• Everybody Did It: Proposed and then shot down in "The Napoli Express", in a fairly obvious critique of Murder on the Orient Express.
  • Eye Remember: in "The Eyes Have It"
  • Faking the Dead: In Michael Kurland's A Study in Sorcery
  • Fantastic Catholicism
  • For Want of a Nail: The discovery that led to the harnessing of magic is presumably, somehow, a consequence of Richard the Lionheart's survival. (It might be easier to imagine a timeline in which Richard's survival was a consequence of the harnessing of magic, but it's explicitly stated that in this timeline Richard's survival came first.)
    • The explanation is that Richard's brush with death caused him to change his rulership style. For the remainder of his reign, he encouraged learning and the arts. And this trend continued under his successor; his nephew Arthur. It was the academic environment fostered by Richard and Arthur that led to the discovery of the rules of magic.
  • Functional Magic
  • Funetik Aksent: Polish characters who aren't trying to disguise themselves as Angevin subjects tend to have this.
  • Gentleman Wizard: Several minor characters (including a couple of victims). Recurring character Lord John Quetzal is an interesting case, as he's a nobleman and a gentleman, but he's from the colonies (Mexico, in our version of reality), which gives him some interesting quirks
  • Great Detective: both Darcy himself and the Marquis of London.
  • Intrinsic Vow: The King's Messengers all take one to never reveal an official message to anyone but the intended recipient. It's backed up by a magical compulsion to die rather then reveal it.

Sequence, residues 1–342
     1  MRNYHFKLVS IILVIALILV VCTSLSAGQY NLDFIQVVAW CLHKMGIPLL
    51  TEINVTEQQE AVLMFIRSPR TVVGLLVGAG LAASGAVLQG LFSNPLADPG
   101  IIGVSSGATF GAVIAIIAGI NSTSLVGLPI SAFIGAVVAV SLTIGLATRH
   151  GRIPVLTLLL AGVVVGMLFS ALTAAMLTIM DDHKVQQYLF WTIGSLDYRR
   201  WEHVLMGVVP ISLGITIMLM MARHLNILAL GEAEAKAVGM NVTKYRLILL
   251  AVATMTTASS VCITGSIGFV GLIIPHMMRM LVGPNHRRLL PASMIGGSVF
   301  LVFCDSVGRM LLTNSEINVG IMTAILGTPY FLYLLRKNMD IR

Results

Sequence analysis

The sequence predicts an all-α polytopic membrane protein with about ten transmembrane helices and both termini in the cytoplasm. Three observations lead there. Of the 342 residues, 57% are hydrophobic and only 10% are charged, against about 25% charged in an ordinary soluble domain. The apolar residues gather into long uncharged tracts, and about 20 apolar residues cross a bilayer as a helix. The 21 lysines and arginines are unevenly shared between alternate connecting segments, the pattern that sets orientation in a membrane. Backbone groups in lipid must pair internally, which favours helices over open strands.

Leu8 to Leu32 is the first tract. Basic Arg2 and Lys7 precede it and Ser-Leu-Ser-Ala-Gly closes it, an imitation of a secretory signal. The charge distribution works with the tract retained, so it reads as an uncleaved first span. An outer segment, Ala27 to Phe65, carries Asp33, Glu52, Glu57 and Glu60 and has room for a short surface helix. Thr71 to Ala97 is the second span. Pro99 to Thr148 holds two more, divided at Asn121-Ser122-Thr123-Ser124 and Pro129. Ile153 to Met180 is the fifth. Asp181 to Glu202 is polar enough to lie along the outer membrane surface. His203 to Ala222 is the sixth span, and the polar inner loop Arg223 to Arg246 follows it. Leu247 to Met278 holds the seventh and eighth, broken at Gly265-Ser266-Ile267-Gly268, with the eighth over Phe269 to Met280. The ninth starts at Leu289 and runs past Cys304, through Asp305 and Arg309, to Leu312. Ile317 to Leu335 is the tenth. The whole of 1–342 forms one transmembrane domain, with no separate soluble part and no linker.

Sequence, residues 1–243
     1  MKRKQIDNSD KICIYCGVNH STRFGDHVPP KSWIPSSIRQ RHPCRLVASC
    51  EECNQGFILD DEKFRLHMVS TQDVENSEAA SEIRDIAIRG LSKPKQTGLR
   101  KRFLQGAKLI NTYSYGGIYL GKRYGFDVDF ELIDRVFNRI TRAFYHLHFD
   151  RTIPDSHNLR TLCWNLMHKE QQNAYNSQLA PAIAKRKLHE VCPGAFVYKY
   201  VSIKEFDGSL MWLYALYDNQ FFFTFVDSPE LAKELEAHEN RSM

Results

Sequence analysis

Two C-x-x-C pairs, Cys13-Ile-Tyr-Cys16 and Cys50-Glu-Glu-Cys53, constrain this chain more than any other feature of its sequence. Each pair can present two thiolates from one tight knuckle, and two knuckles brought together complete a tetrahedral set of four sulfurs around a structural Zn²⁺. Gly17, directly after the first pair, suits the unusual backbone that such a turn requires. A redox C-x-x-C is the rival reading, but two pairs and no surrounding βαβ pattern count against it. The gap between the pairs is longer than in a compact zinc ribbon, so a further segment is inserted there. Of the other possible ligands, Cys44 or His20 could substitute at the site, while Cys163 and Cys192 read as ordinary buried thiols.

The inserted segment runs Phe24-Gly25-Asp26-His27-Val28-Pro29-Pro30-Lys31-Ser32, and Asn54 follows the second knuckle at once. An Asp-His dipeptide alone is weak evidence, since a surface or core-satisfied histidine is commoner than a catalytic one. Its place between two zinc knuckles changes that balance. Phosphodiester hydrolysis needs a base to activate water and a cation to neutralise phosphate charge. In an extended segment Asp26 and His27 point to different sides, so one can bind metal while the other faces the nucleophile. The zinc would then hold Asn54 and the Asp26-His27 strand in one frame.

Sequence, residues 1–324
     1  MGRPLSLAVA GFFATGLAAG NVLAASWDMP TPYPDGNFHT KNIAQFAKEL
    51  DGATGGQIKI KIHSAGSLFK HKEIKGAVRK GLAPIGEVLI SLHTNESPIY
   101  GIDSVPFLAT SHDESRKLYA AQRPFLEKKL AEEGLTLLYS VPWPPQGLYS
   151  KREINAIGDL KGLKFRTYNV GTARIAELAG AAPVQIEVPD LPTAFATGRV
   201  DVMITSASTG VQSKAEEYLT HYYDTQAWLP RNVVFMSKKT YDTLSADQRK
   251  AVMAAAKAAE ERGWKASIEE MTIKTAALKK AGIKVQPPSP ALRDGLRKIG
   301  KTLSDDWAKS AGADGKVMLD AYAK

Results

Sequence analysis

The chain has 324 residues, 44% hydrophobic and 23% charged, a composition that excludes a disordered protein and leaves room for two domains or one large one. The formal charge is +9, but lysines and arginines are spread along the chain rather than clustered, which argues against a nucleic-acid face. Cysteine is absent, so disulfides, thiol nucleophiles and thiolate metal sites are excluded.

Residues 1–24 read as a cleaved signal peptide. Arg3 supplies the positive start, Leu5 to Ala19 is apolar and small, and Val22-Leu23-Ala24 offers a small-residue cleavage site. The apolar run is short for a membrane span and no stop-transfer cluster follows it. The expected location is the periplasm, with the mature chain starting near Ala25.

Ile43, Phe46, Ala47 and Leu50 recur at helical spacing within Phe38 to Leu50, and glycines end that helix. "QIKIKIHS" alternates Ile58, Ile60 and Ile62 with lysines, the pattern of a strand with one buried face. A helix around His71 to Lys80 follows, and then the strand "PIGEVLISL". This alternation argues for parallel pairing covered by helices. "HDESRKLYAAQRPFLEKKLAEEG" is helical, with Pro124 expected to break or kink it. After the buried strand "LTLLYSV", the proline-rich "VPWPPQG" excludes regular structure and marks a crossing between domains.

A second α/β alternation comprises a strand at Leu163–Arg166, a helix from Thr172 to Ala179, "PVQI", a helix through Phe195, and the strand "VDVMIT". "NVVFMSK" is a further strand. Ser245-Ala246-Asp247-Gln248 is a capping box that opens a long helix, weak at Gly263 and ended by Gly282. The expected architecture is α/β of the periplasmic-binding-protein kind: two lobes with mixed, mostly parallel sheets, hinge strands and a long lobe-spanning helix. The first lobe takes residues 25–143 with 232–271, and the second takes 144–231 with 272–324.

• Istanbul Not Constantinople: Especially when it comes to the Americas.
  • It Will Never Catch On: In one story, a wizard speaks disparagingly of a folk superstition that wounds can be treated with a kind of mould. In another, a man engaged in chemical research is regarded as a time-wasting eccentric (although Darcy, at least, thinks he's on to something).
  • Locked Room Mystery: At least half the series. Notably, in spite of the obvious temptation, the answer is never "A Wizard Did It".
  • Magic A Is Magic A
  • Majored in Western Hypocrisy: Several instances, though all without the hypocrisy part because the Angevin Empire is better than its counterparts in our world. The most prominent example is Lord John Quetzal, a native American nobleman who is studying in London in Too Many Magicians. The "character wrong-footed by foreigner's education" version appears in Michael Kurland's A Study in Sorcery, where Lord Darcy meets a woman who has invented a dramatic past for herself that includes a stint in the harem of the son of the Osmanli Sultan; in the course of dissecting her story, he mentions that he and the son of the Osmanli Sultan were at Oxford together.
  • Mind Over Manners
  • Modern Mayincatec Empire: Garrett left the state of things in the Americas largely undefined, but Too Many Magicians mentions that the Aztec emperor Montezuma's descendants now rule "Mechicoe" as noblemen of the Angevin Empire. Michael Kurland's A Study in Sorcery, being set largely in North America, is much more specific, and adds that part of the Aztec Empire continues unabated farther south.
  • Mr. Exposition: Master Sean, who's a teacher when he's not helping bust criminals, has a tendency to accompany every forensic test he does with an explanatory lecture. Lord Darcy encourages him, even when he's seen this test done before, because the lecture is never exactly same, so there's always a chance to learn something.
  • Name's the Same: So, this is not another Pride and Prejudice Fan Sequel?
  • The Neidermeyer: The commander of Darcy's unit in "The Spell of War".
  • Noodle Incident: In "Too Many Magicians", a few of Darcy's unseen cases are mentioned in passing, but nothing more is revealed about them. Similarly, at least one case mentioned by a Fan Boy in "Ten Little Wizards" is not covered in the extant stories.
  • Origins Episode: "The Spell of War", one of the last-published stories, recounts the first meeting of Lord Darcy and Master Sean on a battlefield during their world's equivalent of World War II.